Post-script: Months later, at the movies of all places, I actually saw a real live human person wearing Hat Damon. Or was it 10 Things I Hat About You? My only regret is that I didn’t get a chance to ask. —LZ

Most Gratifying Customer-Service Experience: Finally Getting My Full-Price Ticket to Ant-Man and the Wasp Reimbursed

By July, of course, the app was in shambles as a user experience, especially if one was, theoretically, trying to check into a Marvel movie on a Friday night, and if one eventually gave up and just bought a regular ticket, like some kind of chump. But all I had to do was scour MoviePass’s various fine-print menus, finally give up and Google the answer, take a picture of my ticket stub, email that picture to what I just assumed was a separate Ponzi scheme embedded within the larger Ponzi scheme, and then send a couple of follow-up emails. Confession: I enjoyed this process way more than Infinity War. —RH

The Moment I Really Knew It Was Over: The Email From the Director of Barketing

I mean, I’m just gonna leave this here.

Top Five Movies I Really Wanted to Watch Via MoviePass but Wasn’t Allowed to Because of the App, Finally Prompting Me to Give Up and Compose This Tweet

5. Crazy Rich Asians: Only available if I was willing to go to the suckiest theater in town, at 2:30 a.m.

4. Hotel Transylvania 3: Worse than Early Man, but my kids liked it better.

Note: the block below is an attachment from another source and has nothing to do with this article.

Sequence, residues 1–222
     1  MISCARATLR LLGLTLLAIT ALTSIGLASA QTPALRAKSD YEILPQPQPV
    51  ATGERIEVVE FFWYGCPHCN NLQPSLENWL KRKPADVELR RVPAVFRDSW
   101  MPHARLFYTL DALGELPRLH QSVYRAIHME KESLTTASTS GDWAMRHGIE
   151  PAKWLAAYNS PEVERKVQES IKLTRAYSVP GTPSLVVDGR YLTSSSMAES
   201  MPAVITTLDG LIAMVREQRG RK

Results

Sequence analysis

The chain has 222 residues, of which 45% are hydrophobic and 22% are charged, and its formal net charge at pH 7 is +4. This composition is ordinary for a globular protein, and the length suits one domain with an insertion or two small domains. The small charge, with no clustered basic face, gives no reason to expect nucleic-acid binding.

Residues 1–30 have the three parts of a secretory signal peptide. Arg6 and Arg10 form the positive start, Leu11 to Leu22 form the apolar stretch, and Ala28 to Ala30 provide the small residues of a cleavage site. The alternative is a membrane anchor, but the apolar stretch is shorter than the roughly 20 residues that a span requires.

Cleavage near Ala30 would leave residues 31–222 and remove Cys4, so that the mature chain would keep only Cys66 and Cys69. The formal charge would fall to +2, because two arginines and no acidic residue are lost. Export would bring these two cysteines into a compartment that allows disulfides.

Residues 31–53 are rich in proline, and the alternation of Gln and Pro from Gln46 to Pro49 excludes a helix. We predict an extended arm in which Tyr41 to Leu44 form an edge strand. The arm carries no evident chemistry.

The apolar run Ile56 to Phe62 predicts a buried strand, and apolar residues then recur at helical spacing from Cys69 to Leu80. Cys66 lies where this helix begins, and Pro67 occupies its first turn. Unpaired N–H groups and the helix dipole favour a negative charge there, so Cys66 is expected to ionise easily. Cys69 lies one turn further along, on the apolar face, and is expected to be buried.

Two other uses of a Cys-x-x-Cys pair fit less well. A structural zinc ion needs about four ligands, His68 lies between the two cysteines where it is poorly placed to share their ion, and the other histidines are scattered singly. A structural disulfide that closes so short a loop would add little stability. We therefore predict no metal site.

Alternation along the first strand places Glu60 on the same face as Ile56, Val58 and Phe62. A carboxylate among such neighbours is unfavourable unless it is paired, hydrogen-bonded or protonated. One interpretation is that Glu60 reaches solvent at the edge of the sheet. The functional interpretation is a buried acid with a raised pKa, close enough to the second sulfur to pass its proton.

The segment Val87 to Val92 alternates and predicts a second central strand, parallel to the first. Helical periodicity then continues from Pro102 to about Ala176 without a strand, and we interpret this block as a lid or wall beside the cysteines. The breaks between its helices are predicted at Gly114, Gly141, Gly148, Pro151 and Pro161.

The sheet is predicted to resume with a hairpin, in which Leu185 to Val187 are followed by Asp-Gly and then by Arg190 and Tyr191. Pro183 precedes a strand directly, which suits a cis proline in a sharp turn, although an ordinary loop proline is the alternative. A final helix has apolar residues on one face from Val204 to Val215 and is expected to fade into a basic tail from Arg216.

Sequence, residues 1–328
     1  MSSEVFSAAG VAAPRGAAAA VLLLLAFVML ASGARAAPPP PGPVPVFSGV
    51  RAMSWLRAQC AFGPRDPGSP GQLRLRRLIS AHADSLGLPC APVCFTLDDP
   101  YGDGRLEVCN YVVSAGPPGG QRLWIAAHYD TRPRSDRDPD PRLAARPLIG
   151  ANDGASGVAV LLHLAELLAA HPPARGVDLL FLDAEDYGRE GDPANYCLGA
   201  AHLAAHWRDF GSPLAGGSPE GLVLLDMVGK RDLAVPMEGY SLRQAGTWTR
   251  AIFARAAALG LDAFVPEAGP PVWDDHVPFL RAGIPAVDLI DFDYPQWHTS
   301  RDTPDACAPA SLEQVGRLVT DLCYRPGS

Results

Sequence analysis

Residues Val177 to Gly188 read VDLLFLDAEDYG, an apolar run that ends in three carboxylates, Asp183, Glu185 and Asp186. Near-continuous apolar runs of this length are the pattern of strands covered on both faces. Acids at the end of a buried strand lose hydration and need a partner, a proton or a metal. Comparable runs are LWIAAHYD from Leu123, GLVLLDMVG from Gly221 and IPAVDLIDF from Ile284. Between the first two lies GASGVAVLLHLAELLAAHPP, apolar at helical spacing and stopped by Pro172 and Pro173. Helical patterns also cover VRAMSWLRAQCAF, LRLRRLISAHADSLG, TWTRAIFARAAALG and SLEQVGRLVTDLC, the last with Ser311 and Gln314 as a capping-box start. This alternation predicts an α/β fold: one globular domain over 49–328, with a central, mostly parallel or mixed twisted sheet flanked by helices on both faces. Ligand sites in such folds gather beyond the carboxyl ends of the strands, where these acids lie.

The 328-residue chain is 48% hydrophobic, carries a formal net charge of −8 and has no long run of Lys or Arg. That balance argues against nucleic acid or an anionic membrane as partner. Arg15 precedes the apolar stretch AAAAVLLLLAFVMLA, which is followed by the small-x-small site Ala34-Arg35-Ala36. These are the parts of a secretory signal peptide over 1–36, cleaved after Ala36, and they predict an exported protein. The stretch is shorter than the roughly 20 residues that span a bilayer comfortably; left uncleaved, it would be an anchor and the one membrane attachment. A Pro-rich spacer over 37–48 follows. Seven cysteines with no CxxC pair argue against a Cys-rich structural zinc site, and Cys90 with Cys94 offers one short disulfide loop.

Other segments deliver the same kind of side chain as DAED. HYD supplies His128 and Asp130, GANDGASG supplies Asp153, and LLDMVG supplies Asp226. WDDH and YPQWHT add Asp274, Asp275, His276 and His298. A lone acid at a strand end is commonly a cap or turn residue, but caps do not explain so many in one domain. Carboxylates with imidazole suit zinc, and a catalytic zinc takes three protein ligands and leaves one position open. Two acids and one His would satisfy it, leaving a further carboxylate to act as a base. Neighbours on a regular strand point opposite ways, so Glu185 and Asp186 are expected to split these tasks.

3. Incredibles 2: Every time I typed this into the search bar, I swear I could hear my phone laughing.

2. Eighth Grade: This is the one that broke me. When MoviePass bottomed out in late July, a.k.a. the night Mission: Impossible — Fallout ceased to exist, I hung on for several weeks specifically to see this movie, but no, my only options were The Meg or The Spy Who Dumped Me, every day, until I finally said the hell with it. I suppose I should’ve just pulled a Sorry to Bother You and checked into one of those.

1. Mission: Impossible — Fallout: Obviously. —RH

Most Fitting Final MoviePass Experience: Not Seeing Boy Erased

I held on for much longer than most people, but in late October I finally grew tired of checking the app in the morning and already seeing “No More Screenings Available At This Theater” messages for every single theater in the greater New York area. So I quit MoviePass, stupidly, right at the beginning of a new billing cycle. This meant that from mid-October until mid-November, I had credits to see three more movies… and that I saw zero, because over the course of an entire month I could not find a single showing when the app was working for a movie I wanted to see. (This is remarkable, given how low my standards are for “movies I want to see.”) Then, on November 18, 2018, the final day of my MoviePass subscription, a miracle occurred: the app was showing an available afternoon screening of Boy Erased, a movie I actually wanted to see, at a theater a short walk away from my house. At last! I got ready to go, and right before I left the apartment I checked MoviePass one last time. The screening, it informed me, was no longer available. What a fitting end to this journey. I know I could have paid to see the movie, but instead I decided to stay in, chip away at my FilmStruck watchlist, and contemplate the ephemerality of all truly good things. —LZ